September 09, 2012 11:23 AM #98
Rainmaker
808,413
Lyn Sims
RE/MAX Suburban - Schaumburg IL Real Estate - Northwest Suburbs of Chicago - Schaumburg, IL
Schaumburg Homes

Norm, very true. I think it's take strength to just let the situation go & say enough is enough. It's tougher than hanging on I think that's for sure but I do believe it is better for you (and your business) in the end. Will you make a few mistakes? I'm sure you will OR you will finally motivate that buyer to buy or that seller to get realistic.

September 09, 2012 11:46 AM #99
Rainer
18,281
Rick Payne
Berkshire Hathaway Home Services - San Diego, CA
Downtown San Diego Condo Expert

Great post! I could not agree more. As a newer agent this happened a lot (even with family sometimes) but as you gain more experience you get better at weeding out the tire-kickers. Thanks again!

September 09, 2012 04:51 PM #100
Rainer
83,887
Brad Baylor
ERA Coup Agency - Milton, PA

Norm - Thanks for the great post.  You just re-affirmed a recent decision I made, not about real estate, but about a relationship that needed to end.  Thanks!

September 10, 2012 06:51 AM #101
Rainmaker
42,588
Peter Tamura
Coldwell Banker Select - Tulsa, OK
BANNOCHIE TEAM

Hi Norm,

 

It's more of a personality type than a market problem.  I remember the raging CA sellers market aroun 2004, no matter how high the comps were, the guy that told me he wanted to sell wanted 50K more than the market.  I would go back ever few months and tell him, ok, you might be able to get your price now, then it would be 50k higher again.  I finally gave up and I don't think he ever sold his house.  He was a big loser in the end because of his greed.

September 10, 2012 07:43 AM #102
Rainmaker
1,240,591
Gene Riemenschneider
Home Point Real Estate - Brentwood, CA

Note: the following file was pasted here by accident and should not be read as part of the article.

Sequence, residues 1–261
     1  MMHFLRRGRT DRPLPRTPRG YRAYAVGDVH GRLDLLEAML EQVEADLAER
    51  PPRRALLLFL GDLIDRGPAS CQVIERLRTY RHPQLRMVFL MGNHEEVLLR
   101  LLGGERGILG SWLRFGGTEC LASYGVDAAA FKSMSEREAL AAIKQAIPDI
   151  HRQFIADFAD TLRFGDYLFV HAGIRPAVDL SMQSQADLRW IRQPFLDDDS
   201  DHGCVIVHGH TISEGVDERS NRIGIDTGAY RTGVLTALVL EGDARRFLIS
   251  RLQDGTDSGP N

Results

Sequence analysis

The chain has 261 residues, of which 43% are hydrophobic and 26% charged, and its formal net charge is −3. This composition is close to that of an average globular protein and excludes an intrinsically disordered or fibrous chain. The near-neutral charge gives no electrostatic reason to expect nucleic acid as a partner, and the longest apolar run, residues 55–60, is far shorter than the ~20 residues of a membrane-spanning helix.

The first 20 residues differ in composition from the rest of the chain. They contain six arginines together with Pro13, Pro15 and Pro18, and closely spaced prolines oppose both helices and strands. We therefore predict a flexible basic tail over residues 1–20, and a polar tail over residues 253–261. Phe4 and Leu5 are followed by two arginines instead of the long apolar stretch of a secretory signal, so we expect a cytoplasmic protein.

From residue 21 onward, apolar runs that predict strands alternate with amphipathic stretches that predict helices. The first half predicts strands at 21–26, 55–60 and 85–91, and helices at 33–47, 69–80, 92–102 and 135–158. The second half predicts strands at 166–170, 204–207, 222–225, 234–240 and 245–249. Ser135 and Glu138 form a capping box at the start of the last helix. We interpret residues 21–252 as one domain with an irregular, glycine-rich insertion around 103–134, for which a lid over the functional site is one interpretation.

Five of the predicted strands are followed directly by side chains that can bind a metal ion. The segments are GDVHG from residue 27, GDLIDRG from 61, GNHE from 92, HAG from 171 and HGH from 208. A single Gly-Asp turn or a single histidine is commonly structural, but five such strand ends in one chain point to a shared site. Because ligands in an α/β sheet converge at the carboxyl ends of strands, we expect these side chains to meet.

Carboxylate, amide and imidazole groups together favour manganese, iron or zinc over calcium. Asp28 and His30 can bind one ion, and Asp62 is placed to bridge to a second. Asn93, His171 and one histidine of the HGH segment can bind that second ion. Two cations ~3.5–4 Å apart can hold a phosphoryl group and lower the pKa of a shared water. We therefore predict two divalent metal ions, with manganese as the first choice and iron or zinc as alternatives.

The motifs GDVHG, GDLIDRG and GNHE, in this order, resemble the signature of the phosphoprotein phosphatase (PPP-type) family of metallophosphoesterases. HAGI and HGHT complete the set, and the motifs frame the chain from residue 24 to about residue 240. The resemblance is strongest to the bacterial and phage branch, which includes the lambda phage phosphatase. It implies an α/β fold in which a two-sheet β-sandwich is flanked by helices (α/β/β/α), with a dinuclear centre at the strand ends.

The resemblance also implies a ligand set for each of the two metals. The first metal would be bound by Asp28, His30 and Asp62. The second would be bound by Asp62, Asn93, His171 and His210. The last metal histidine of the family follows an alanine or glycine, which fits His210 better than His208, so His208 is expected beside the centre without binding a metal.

Turning Houses into Homes

Great post and great point.  Sometimes I hang on too long.  I am stubborn and hate giving up.

September 10, 2012 01:48 PM #103
Rainmaker
219,885
Brien Berard
Remax Professionals Laurel MD - Laurel, MD
Maryland Real Estate Agents - Laurel Real Estate

I also need to not deal with clients whose needs are not in my area of expertise.

September 11, 2012 07:42 AM #104
Rainer
201,975
Nan Jester
Exit Real Estate Gallery Jacksonville Beach, FL - Jacksonville Beach, FL
Realtor, Exit Real Estate Gallery

I did just that this week. It is hard to turn away business but at what cost do we continue?

September 11, 2012 07:57 AM #105
Rainer
118,765
Monique Ting
INET Realty Honolulu, HI - Honolulu, HI
S, e-PRO, SFR

Thanks to a great CRM and an effective  lead capture system, I can be be choosy about who to work with. I will only do showings or list a property if/when the client is ready, willing and able!

September 11, 2012 05:50 PM #106
Rainer
325
dave rossdale


I get paid over $87 per hour working from home with 2 kids at home. I never thought I'd be able to do it but my best friend earns over 10k a month doing this and she convinced me to try. The potential with this is endless. Heres what I've been doing, Blue31.com

September 13, 2012 06:56 AM #107
Rainmaker
261,430
Wayne B. Pruner
Oregon First - Tigard, OR
Tigard Oregon Homes for Sale, Realtor, GRI

I've actually turned down listing because I did not trust the Seller. Some Realtors are amazed by this.

September 26, 2012 07:23 AM #108
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Norm Werner

Helping the first time and every time